On the Radio- Green infrastructure key to keeping urban flooding at bay


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Green roofs are a type of green infrastructure (flickr).

Julia Poska | November 19, 2018

This week’s segment looks at flood mitigation approaches that incorporate nature into city design.

Transcript:

As Iowa’s extreme rain events intensify over time, flood management considerations will need to expand beyond river floodplains.

This is the Iowa Environmental Focus.

Floods commonly occur when rivers swell over their banks, but flooding can happen far from river systems, too.  Urban flooding occurs when drainage systems fail to move large amounts of storm water away from developed areas quickly.

According to the Iowa Climate Statement 2018, scientists forecast that daily rainfall in Iowa’s most extreme rain events will double by midcentury, meaning cities and towns will have even more water to manage.

One solution is to replace areas of impermeable concrete and asphalt with green infrastructure. These swaths of soil and vegetation absorb and slow down water to process it more naturally and reduce flooding.

Green infrastructure can be incorporated into sidewalks, buildings, backyards and even parking lots. Rain gardens, bio-swales, green roofs and more bring plants, soil and mulch into community design in attractive and helpful ways.

For more information, visit iowa-environmental-focus-dot-org.

From the UI Center for Global and Regional Environmental Research, I’m Sara E. Mason.

 

 

 

Des Moines selected for Greening America’s Capitals project


Photo by jimmywayne, Flickr.
Photo by jimmywayne, Flickr.

Des Moines has been selected this year as one of five cities to take part in the Environmental Protection Agency’s Greening America’s Capitals project.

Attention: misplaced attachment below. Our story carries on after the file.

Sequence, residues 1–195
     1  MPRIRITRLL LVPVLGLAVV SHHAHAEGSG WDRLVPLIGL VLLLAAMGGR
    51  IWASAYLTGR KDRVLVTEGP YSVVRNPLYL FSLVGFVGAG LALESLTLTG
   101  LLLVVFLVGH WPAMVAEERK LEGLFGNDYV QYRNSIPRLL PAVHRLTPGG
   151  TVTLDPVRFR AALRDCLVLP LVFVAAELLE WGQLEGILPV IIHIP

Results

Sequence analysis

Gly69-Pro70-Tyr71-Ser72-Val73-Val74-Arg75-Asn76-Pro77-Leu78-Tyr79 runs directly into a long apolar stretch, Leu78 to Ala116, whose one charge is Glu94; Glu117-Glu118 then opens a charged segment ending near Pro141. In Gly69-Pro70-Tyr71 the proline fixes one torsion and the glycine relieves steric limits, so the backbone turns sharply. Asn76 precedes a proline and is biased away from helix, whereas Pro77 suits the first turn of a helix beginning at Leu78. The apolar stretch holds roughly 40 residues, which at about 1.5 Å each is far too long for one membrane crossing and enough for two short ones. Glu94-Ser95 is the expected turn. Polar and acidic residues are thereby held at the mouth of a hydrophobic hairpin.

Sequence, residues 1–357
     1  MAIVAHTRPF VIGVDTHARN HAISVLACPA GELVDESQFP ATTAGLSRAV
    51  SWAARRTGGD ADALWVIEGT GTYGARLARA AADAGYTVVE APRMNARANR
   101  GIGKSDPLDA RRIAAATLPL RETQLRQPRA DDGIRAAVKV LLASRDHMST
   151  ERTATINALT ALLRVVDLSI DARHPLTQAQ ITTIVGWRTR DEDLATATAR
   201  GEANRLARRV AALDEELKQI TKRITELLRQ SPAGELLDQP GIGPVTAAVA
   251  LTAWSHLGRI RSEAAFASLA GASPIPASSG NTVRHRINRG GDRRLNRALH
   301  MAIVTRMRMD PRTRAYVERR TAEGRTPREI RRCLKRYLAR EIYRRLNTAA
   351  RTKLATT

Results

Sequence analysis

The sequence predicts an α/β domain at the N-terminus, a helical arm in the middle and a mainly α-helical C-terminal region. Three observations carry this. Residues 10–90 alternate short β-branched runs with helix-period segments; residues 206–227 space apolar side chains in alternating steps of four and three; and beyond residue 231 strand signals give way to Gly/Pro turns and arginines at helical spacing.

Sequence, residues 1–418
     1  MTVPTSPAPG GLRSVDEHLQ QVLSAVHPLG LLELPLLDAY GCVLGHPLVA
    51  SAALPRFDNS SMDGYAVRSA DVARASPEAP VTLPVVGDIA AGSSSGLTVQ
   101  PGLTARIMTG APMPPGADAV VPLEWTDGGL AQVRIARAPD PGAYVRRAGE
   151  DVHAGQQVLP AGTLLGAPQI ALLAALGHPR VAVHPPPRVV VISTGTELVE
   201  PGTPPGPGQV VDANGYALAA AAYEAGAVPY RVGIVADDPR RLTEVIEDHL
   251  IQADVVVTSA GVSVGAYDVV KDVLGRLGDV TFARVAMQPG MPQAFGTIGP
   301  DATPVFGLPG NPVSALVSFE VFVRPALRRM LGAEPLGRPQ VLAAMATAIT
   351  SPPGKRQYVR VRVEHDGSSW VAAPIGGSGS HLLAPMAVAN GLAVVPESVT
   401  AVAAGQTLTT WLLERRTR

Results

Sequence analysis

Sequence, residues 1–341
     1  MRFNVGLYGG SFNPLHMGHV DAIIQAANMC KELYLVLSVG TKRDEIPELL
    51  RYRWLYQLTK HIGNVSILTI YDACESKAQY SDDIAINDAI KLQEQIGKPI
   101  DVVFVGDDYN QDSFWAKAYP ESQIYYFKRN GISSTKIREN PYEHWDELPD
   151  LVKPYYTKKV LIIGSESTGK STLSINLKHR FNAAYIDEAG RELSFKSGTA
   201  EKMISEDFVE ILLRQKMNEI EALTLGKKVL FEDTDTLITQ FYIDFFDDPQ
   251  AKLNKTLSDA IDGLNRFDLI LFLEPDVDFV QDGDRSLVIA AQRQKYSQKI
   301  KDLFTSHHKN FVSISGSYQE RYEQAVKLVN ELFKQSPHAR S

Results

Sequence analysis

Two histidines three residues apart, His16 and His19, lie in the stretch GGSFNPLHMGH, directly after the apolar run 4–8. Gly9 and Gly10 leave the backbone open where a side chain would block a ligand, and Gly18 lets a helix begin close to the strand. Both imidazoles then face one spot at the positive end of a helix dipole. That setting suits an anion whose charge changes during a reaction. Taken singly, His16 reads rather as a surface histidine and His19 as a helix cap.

This project incorporates green building and green infrastructure strategies on parts of the cities, which can be used as a model for future construction projects.

In Des Moines, the project will focus on the 6th Avenue Corridor. The environmentally friendly plans include adding street trees, permeable pavement and rain gardens.

Read more from Iowa Public Radio here.

UI building receives LEED gold rating


Photo by Wolfram Burner, Flickr.

The University of Iowa’s Struit Hall has received a LEED gold rating.

Struit Hall primarily serves as a home for UI’s clinical psychology program. It earned the gold rating in part because of its daylighting, rain garden, motion sensor lighting and numerous recycling options.

UI’s Beckwith Boat House, the Sports Medicine Clinic and the State Hygienic Laboratory have also received the LEED gold rating.

LEED gold is the second highest designation for green buildings.

For more information, read an article from Iowa Now here.

Coe College builds their first rain garden


Coe College is in the midst of constructing their first rain garden. The garden is funded by the Cedar Rapids/Linn County Solid Waste Agency and donations from 2008 Coe College graduates.

Rain gardens typically contain deep-rooted plants which capture rainwater runoff before it reaches a sewer system.

The Coe College rain garden serves a second purpose of providing an area for Coe’s students to study environmental issues.

More information on Coe College’s green efforts is available here.